‘Ghouta is a glimpse into the future of south Damascus,’ says rebel negotiator

The surrender and evacuation of the East Ghouta suburbs just outside Damascus in recent weeks leaves only two remaining rebel-controlled territories in the Syrian capital and its countryside.

In addition to a pocket of territory in the mountainous East Qalamoun region 50km northeast of Damascus, Free Syrian Army (FSA)-affiliated factions hold a handful of towns just 4km south of the capital’s Old City.

Immediately west of the FSA-held south Damascus towns, home to an estimated 50,000 residents, lies a pocket of comparable size held by the Islamic State (IS).

Syrian government soldiers and loyalist militias first encircled IS- and rebel-held south Damascus in mid-2013. One government-rebel crossing at the enclave’s northeastern reaches controls the flow of civilians and goods in and out of the pocket.

The FSA-controlled towns —Babila, Yalda and Beit Sahem—signed onto a reconciliation agreement with the Syrian government in 2014 that eased the siege and enacted a ceasefire but left the final fate of south Damascus uncertain.

Today, the Syrian government’s capture of East Ghouta—a major step toward complete control over the greater Damascus area—has “accelerated” talks over the fate of south Damascus, says Abu al-Fida a-Dimashqi, a negotiator for the rebel factions in south Damascus.

A-Dimashqi is a one of four rebel negotiators from south Damascus that have been meeting with Russian representatives since late March.

“What happened in Ghouta is a glimpse into the future of south Damascus,” he tells Syria Direct’s Ammar Hamou. “That is not reassuring for the factions in south Damascus or any person living in the region.”

Abu al-Fida a-Dimashqi asked not to be referred to by his real name or the rebel faction he is associated with as part of the interview because the negotiators are not authorized to make statements on the state of the talks.

Residents call for reconciliation with the Syrian government in Babila on April 6. Photo courtesy of Revolution Spring.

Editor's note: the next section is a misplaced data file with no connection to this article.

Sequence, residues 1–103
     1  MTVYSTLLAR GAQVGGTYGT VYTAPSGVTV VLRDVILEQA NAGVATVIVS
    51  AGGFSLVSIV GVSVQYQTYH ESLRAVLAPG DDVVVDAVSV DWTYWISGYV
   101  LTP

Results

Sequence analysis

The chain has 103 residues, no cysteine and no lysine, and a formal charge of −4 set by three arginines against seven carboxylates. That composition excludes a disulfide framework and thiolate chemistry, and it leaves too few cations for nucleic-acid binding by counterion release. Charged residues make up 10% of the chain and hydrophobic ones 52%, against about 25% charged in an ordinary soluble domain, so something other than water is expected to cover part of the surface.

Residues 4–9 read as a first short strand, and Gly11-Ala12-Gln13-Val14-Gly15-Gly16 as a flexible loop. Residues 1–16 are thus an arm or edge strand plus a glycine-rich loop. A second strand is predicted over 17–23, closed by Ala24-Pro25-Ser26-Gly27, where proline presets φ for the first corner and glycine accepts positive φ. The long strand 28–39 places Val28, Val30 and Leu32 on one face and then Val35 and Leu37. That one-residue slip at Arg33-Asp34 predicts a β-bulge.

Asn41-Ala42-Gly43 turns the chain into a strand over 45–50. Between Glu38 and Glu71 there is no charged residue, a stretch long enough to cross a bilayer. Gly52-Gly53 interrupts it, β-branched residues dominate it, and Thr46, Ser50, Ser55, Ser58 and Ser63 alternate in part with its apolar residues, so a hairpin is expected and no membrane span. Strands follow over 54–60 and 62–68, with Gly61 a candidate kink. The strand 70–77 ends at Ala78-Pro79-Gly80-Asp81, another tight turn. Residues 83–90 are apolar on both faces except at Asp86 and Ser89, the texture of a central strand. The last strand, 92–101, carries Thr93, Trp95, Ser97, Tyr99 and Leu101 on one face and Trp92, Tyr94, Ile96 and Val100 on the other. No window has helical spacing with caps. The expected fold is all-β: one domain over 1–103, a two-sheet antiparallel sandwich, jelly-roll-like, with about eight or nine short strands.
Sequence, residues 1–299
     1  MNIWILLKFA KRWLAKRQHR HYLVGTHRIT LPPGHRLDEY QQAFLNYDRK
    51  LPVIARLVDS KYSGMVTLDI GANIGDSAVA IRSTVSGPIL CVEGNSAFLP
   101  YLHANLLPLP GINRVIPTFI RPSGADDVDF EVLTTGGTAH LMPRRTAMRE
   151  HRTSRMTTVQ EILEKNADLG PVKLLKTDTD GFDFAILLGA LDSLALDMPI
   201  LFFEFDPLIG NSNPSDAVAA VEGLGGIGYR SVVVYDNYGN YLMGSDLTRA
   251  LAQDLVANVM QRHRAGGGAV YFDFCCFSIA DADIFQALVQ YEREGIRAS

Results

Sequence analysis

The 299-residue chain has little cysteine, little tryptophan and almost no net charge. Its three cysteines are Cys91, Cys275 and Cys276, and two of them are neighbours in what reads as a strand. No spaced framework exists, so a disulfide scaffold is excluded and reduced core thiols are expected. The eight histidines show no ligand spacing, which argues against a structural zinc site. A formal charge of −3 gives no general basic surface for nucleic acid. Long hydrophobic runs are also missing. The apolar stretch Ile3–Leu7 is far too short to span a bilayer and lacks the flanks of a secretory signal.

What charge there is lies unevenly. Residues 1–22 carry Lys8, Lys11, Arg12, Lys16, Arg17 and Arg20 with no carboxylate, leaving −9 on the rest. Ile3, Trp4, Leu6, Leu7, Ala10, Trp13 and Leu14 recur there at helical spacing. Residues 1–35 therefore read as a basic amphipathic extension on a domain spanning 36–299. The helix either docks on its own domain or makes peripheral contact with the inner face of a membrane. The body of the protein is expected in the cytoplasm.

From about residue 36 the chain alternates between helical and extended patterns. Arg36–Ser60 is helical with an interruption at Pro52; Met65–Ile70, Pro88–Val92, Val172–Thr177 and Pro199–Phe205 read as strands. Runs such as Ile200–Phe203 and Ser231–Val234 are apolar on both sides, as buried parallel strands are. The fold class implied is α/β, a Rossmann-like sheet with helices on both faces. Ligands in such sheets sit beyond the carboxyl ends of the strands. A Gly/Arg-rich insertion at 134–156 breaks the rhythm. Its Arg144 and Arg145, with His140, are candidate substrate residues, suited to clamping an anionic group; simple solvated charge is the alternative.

Q: To what extent has the Syrian government’s capture of East Ghouta impacted the negotiation process in south Damascus?

The agreement for the evacuation of Ghouta residents has played an essential role in accelerating [negotiations with a Russian delegation] in south Damascus.

What happened in Ghouta is a glimpse into the future of south Damascus, and that is not reassuring for the factions or people here. Every choice [on the table] comes with a huge cost.

[Ed.: Alexander Ivanov, the spokesman for Russia’s Hmeimim Military Base in Syria, said “the next stop after East Ghouta will be south Damascus and East Qalamoun…” in a March 26 statement posted on the base’s official Telegram channel.]

If we refuse to go the route of Ghouta, the Russians and the regime will likely prepare a campaign against the region. The international community wouldn’t lift a finger.

As I see it, the chemical [attack] in Ghouta was a message to rebels in Douma and a message for all of the opposition areas currently negotiating.

Q: Based on your meetings with the Russian delegation in recent weeks, what options do the rebel factions in south Damascus have?

Unfortunately, the choices are slim.

South Damascus is small and besieged, not to mention the Islamic State presence to our west. The Islamic State has largely depleted our forces over the past five years, in addition to the siege.

[Ed.: The FSA-affiliated factions in south Damascus sporadically clash with Islamic State militants, while IS fighters and snipers regularly fire on rebels to the east.]